It also criticises the way the joint investigation was handled, and wants a national database set up to establish links between sex offenders. The report also reveals that a dossier of names of "suspicious" people was presented to police by Clwyd in 1991: "A number of former residents we interviewed stated that they made complaints when they absconded from their residential units. Indeed they frequently absconded precisely because of the abuse they were experiencing within their units.
"The independent panel heard from a number of informed sources ... that the relationship between the Chief Constable and some representatives of the council were strained. Additionally, we were told by a number of social services staff of dissatisfaction at operational level with their dealings with the police.
"Since we were not able to meet with any police officers during our investigation we were unable to confirm or refute this. It would appear that the policy of joint investigation of child matters was not followed in Clwyd in a major police investigation instigated in 1991. We were told that the rationale for this was that the majority of complainants being interviewed were now adults.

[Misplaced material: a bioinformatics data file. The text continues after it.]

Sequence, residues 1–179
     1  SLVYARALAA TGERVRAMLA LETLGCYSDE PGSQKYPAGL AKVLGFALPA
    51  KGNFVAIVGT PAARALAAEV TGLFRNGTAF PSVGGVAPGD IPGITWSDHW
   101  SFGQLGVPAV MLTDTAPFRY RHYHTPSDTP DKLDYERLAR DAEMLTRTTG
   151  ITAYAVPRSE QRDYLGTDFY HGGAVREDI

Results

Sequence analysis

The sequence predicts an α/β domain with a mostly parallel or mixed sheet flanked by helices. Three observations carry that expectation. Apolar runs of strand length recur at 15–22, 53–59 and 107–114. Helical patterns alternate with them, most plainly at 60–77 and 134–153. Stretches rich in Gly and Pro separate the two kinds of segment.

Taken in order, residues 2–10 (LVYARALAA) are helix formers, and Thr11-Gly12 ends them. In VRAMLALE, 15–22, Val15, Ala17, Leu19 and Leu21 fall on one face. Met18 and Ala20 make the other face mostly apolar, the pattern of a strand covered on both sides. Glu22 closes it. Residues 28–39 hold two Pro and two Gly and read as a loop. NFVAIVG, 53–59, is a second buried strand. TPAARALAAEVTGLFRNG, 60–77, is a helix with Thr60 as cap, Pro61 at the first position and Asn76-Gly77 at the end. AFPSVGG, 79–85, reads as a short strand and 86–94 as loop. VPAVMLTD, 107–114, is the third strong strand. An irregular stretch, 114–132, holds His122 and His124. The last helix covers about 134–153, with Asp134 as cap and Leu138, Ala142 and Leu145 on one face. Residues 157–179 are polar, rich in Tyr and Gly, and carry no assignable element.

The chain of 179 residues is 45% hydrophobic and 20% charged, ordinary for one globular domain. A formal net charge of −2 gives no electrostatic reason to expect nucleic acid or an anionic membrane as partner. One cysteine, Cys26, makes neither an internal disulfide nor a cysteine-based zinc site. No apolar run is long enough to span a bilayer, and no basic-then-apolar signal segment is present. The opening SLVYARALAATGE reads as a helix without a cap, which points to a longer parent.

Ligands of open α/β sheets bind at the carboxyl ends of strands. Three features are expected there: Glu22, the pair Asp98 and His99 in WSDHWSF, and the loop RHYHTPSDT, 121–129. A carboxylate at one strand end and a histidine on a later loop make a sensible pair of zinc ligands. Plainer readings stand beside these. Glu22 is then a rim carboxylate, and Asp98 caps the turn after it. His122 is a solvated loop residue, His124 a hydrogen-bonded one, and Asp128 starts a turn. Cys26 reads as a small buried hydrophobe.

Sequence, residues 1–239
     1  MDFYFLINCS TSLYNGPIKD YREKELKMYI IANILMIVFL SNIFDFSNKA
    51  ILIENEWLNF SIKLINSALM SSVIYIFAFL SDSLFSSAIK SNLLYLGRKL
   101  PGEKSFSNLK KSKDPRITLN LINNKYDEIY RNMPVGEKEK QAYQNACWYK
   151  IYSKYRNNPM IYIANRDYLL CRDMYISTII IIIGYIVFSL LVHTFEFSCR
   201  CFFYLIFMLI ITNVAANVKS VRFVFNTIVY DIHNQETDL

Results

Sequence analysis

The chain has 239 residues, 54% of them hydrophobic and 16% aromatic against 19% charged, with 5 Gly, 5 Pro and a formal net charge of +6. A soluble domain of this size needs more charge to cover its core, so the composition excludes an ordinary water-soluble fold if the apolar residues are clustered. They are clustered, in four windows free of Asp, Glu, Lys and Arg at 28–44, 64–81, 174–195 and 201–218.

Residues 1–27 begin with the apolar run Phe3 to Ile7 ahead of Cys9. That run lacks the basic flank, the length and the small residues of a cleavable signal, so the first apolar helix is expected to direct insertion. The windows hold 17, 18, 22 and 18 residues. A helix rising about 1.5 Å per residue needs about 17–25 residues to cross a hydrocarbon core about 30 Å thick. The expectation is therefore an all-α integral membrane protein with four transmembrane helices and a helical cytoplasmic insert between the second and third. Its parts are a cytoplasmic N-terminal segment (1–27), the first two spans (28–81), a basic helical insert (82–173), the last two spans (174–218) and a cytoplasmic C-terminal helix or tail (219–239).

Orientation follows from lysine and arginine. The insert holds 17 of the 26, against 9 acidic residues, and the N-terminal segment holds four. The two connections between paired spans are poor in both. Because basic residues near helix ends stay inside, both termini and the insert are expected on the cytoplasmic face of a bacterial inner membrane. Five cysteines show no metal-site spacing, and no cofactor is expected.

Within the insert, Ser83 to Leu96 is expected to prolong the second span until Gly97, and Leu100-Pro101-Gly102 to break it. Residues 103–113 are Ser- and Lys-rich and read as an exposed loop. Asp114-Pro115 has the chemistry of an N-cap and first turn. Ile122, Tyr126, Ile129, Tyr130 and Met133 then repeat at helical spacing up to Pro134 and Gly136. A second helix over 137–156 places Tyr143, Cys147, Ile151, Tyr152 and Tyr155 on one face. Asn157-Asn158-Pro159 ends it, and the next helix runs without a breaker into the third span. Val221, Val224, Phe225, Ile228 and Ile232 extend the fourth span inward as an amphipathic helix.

"Our understanding of the manner in which the police investigation was mounted stems from the letter of July 1991 from the county solicitor to the Chief Constable outlining a number of concerns regarding residential childcare in Clwyd.
"It raises the issue of a paedophile ring in North Wales. It also contains ... a list of suspicions, and a list of named individuals about whom there were queries. Following this letter an extensive police investigation took place.
"The new Chief Constable for North Wales, Michael Argent, declined to meet with the independent panel; although he provided some statistical data to use, many of our questions remain unanswered.
"Findings: It has become evident during our investigations that the public and some social work professionals, have serious concerns about the involvement of the police in the recent investigation which may compromise future collaborations in child-protection matters...
"It appears to us that much of the major police investigation was managed in such a way that precluded the utilisation of Clwyd's existing professional social work skills and expertise in child protection.